“I don’t know. I don’t think you understand,” said the blind man.

“No. I think it’s you who doesn’t understand,” said Spencer, who gave the dog a good kick.

“Stop! He’s a service dog! I have a license! He sees for me.”

“The only person who sees,” said Alex, “is The Seer. And you don’t see him around here do you?”

Spencer rolled up his sleeves, “And how many times have you seen The Seer, Blindy McGee?”

“I’ve never seen him.” Said the blind man.

(It’s really hard to explain why the brothers were acting like this. Perhaps they had too much coffee. Normally they are far more reserved. But sometimes we in the center fall out of harmony with the way of nonaction.)

“We’ve seen him, not one, not two, but three times.” Alex held up three fingers and waved them in the blind man’s face.

“But we despair.” Said Spencer.

“The joy of detective work has left us,” said Alex, who then gave the cowering dog another good kick.

Eventually the blind man and his mutt would be discharged.

The brothers had indeed been feeling rather lethargic. As they slid the Connect-4 pieces into place their melancholy bubbled and sloshed in their guts.

“What is it that we need?” Thus Spencer.

“I think we need to see someone.” Thus Alex.

“Someone who can connect the dots. The dots of our despair.”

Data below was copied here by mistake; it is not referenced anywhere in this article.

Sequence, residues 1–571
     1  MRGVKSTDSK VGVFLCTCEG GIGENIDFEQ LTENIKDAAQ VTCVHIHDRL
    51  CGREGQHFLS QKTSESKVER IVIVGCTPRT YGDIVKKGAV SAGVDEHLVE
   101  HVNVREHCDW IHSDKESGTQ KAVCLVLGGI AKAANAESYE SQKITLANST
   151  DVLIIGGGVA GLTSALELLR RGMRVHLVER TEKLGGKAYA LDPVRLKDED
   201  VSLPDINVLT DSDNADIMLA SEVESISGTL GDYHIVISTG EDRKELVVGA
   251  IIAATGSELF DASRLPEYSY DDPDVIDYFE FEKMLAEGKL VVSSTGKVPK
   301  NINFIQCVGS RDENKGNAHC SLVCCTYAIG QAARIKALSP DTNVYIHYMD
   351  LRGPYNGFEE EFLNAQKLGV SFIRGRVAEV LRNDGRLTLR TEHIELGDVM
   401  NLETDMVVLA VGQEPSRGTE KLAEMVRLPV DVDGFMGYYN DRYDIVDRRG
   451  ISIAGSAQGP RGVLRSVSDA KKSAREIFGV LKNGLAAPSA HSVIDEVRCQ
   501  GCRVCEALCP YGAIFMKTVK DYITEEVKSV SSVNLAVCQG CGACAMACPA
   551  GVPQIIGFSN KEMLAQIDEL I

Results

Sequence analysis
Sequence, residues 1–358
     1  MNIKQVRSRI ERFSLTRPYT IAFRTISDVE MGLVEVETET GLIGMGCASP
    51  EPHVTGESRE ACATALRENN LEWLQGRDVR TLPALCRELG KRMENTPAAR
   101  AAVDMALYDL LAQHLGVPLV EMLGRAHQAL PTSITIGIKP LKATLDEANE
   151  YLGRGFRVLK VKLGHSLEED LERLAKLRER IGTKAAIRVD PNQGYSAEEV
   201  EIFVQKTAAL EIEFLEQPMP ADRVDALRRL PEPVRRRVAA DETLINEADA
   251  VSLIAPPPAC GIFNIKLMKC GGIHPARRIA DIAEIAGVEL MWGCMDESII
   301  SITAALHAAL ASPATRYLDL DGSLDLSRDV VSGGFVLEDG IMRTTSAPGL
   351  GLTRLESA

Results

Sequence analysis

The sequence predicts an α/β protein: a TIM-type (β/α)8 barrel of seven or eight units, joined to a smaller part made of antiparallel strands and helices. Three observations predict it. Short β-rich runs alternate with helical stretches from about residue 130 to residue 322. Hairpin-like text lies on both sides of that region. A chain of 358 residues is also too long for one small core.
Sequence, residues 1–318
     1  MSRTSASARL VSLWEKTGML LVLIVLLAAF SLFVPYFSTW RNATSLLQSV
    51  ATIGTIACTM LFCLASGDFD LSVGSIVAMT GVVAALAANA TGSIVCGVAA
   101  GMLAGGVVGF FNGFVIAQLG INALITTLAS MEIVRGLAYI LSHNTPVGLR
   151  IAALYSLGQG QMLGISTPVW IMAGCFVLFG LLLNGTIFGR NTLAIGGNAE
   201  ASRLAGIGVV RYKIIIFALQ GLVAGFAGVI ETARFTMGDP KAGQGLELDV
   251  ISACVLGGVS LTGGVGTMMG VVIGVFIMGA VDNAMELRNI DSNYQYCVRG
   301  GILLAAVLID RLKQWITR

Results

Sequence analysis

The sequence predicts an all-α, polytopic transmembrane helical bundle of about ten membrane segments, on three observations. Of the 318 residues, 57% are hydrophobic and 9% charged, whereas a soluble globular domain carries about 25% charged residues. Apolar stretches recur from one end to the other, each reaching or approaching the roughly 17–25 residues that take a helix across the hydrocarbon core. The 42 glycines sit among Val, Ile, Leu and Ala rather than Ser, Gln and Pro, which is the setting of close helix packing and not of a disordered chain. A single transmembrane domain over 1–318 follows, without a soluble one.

“Like who? A doctor?”

“No. Doctors are expensive. Well maybe. Maybe we can find a doctor. I don’t know.”

But none of this needed to be said, and it was soon quickly forgotten as a large man entered the offices. At first the brothers thought that it was the C.E.O, C.F.O, C.O.O and resident D.D.S., Mr. Dzairski, but when they looked at him they saw it was…no…no it couldn’t be. It was The Seer. They knew it was him even though they didn’t know what The Seer looked like. No one knows what The Seer looks like. All they knew of him was that he was tall and wore all black.

“You don’t need a doctor,” said The Seer. “You need a higher power. A greater wisdom.”

“Where? Where would we find such a higher power?” asked Spencer.

The Seer leaned over the table and slid the bottom lever on the Connect-4 game, thus discharging all the pieces into a discordinate heap. “I can’t tell you where to go. You will know it spontaneously.” Said The Seer.

There was a moment’s pause. Spencer and Alex heard music. Still notes from a bow being drawn across piano wire. Two floating and concurrent notes. A distorted drone floating beneath.

“Dr. Josh,” said Alex.

“Dr. Josh,” said Spencer in agreement.

The brothers then took to mumbling. In times of excitement, and in times of quick decision making the Brothers are able to join consciousness by way of extremely fast mumbling. In the ensuing psychobabble the brothers are able to transmit ideas and process thoughts at many times the speed of your average genius.

Here’s what we, poor us sitting on the outside looking in, here’s what we can understand.

“Dr. Josh…Free…Free consultation…Worries about…Worries concerning…Free…No money…Never gives us money…Out of the office…No sign…Sign sez…Maybe an hour…Northwestern…Fancy…Fancy hospital…Free…”

And so on.

The Seer disappeared out the door. The brothers followed and came upon their secretary.

“Oh.” She said. “Oh I’m glad you’re both here. Remember how you had me put everything on hold?”

The brothers grunted their assent.

“Well I forgot to tell you that you had an appointment.” Then, in an unconvincing tone she said, “sorry.”